But what if an impactor is out at one of these extremes? Well, supposing that 'something the size of TX' means a 10^4 (a 100x100) scaling up of mass from the actual K-T event impactor then K-T-level impact energy results from only 1/100 the v, i.e., only .2-.5 km/s = 200-500 m/s, the speed of current fighter planes.

And what about a space-ship moving at relativistic velocities, i.e., the sort of thing that travel to the stars 'without warp drive' will require? Won't it look like a very dangerous projectiles to any other life-forms who spot it, as it were, in-coming?

Suppose as a kind of base-line that the sort of space-ship that could conceivably sustain technological life for 20+ years would be at least the size/mass of the largest current aircraft carriers, which are about 100,000 long tons = ~ 10 million kg. For simplicity, ignoring relativistic effects, how fast does does an aircraft-carrier-scale ship have to be going to have the kinetic energy of the K-T impactor?

Current estimates of the K-T impactor energy are 400-420 x 10^21 J. Solving for v we get that the aircraft carrier would have to be traveling at ~ 90,000 km/s ~ .3C to do K-T-type damage. If we take relativistic effects on kinetic energy into account, the sufficient-for-a-K-T-disaster v computes out to ~ .29C.

On the one hand, then, why build a Death Star when you can devastate a planet just by ramming something the size of the Starship Enterprise or Space Battleship Yamato into it (at anything like their normal speeds)? On the other hand, the sorts of moderately large spaceships humans might use to get to the stars over a generation (e.g., accelerating continuously at 1 g for the first half of the trip then decelerating at the same rate for the second half) are going to look like menaces to intelligences at the other end. If the decceleration goes wrong, e.g., fuel runs out early or some such thing, then those ships will 'come in hot', at a non-trivial fraction of C, and will threaten to destroy civilizations and possibly life more generally at their destination. Look out.

Great Songs of the '90s: Underworld's Dirty Epic

The best mind-bending long-form dance track of the '90s in my view.

Friday, September 02, 2011

Madonna's W.E.

All the early word suggested that W.E. had the godawful (almost inevitably unsatisfying) Julie and Julia, unbalanced nobody&somebody ('Wally and Wallis'), dual-time-period structure, and that it further might borrow a trick or two from Sofia Coppola's Marie Antoinette. Uh-oh! Probably only someone as instinctive and masterful as Almodovar could get a nobody&somebody structure to fly, and Marie Antoinette would have been a disaster but for Sofia C.'s exquisite, hipster taste - so really isn't copiable or a template for anyone else.

And given that Edward VIII was an appalling, unlikeable guy in reality (whether Simpson was too is disputed), a female-centric, outsider/American like Madonna will be tempted, as art of being highly sympathetic to Simpson, to be evasive about Edward VIII. That is, if you don't soften the realities of Edward somehow, Simpson may start to look like a complete idiot, and at worst like a complete reprobate herself. So Madonna's likely going to be doubly tempted: to elide both Simpson's own significant sympathies with and ties to the Nazis, and the basic fact that she married a guy who honestly dreamed during WW2 of a Nazi victory and of his own future as Hitler's lieutenant-ruler over the remains of the British Empire is going to pall for most people. The latter point lends itself to a story of grim irony: Wallis Simpson saves the UK and the world by inadvertently helping to bring low the horrifying Edward VIII. But that's not a very romantic tale and, in any case, it's complex and can't be squeezed into half a film, so doesn't sound at all like what Madonna's offering.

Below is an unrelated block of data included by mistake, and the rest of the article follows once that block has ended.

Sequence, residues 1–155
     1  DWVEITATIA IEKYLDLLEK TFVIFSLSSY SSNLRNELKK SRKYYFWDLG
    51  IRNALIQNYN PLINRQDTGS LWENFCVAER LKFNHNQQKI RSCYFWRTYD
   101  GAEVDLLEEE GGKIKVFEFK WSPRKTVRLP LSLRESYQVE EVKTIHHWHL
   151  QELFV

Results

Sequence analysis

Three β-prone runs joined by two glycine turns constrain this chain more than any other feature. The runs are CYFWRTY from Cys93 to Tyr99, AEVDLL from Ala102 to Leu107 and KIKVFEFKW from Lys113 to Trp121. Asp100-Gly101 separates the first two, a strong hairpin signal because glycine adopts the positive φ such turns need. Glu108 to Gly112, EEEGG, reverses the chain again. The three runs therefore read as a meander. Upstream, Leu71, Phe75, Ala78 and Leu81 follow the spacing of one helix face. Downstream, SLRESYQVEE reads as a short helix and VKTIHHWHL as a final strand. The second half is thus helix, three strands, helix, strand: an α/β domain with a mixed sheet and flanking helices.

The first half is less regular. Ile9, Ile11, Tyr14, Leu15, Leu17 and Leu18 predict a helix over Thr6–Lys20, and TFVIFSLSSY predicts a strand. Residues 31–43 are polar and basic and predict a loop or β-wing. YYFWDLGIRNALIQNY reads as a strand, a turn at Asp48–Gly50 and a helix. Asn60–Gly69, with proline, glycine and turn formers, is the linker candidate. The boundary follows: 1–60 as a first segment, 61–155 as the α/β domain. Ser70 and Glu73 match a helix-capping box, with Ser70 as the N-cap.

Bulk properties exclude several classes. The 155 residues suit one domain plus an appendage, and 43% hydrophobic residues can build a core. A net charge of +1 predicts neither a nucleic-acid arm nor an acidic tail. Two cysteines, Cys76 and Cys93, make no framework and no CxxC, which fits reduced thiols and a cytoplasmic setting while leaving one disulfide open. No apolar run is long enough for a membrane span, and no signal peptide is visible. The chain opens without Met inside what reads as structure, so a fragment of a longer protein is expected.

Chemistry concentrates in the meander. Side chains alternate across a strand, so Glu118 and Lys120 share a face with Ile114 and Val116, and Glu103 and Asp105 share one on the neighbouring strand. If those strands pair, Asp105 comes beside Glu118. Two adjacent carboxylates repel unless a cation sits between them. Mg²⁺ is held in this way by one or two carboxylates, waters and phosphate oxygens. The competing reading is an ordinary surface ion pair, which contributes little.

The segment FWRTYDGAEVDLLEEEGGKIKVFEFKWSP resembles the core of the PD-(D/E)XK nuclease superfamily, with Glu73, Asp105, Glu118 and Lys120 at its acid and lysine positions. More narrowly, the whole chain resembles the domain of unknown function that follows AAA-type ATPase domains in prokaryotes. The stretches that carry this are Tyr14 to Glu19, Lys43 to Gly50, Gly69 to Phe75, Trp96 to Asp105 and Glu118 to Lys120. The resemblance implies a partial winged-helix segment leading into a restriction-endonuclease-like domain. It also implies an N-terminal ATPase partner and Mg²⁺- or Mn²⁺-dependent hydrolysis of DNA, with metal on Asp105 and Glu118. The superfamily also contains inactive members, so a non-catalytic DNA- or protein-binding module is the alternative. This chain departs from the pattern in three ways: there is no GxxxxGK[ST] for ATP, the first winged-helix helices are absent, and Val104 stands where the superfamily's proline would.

First reviews of W.E. from the Venice Film Festival including this bollocking from the Guardian suggest that all of the structural and stylistic and thematic chickens that seemed to loom over this film have in fact come home to roost, e.g., apparently the modern-time-period parallel female figure in the film, Wally (played by Abby Cornish) says of Simpson and Edward VIII that they were 'naive not Nazis'. Well, we await the context of that quote - perhaps Wally is being an airhead when she makes that remark. But, preliminarily, 'Double uh-oh! What a trap Madonna's fallen into!' Apparently, however, the film has some nice cinematography, design, and (maybe) music.

I'm a big Madonna fan overall, but this project sounded bad from the beginning, has a pointless/stupid title (see discussion below), and now appears to be tepid at best in actuality. I will wait for a few more reviews before making a final decision about whether to see W.E. at a cinema, but things aren't looking good.

W.E.'s title makes me think of Zamyatin's We (hence our image above). And, seriously, wouldn't M. have enjoyed making a film of that more? Her music video work with, say, Fincher on Express Yourself and Romanek on Bedtime Story, etc. should have given her some clues about how to stage that sort of intelligent, dystopian sci-fi. And We's character, I-330 is an erotic subversive who says things like "There is no final revolution. Revolutions are infinite." One wants to say, "C'mon M., that's you! Film that." W.E., by way of contrast, sounds more like a film representation of M.'s faux-British accent. Triple uh-oh insofar as that's so.

Thursday, September 01, 2011

Charlotte Kemp Muhl

I first came across her a few days ago at Stereogum in this image from their Serge Gainsbourg tribute concert coverage:
As in 'Who's that sitting behind Beck?'
It turns out that she's Charlotte K M, girlfriend and sometime musical partner of Sean Lennon, and also a top model in her own right. This tumblr page has the basic evidence that she's one of those truly spooky beauties who never takes a bad picture and who can look like almost anything while always looking exactly like herself. When the camera loves you in that very specific, strong way (you're Audrey Hep. or Milla Jov. say), Hollywood and fame more generally usually comes knocking (and ordinary mortals feel like killing themselves!). It'll be interesting to see whether that happens in this case. At any rate, here are a couple of nice images of CKM in casual musician mode:

Reading around, CKM has done a few silly interviews (leading some people to claim she's vapid and a calculating dater/climber, etc.), but otherwise she seems to have impressed people with her smarts and general sensibility. We'll see.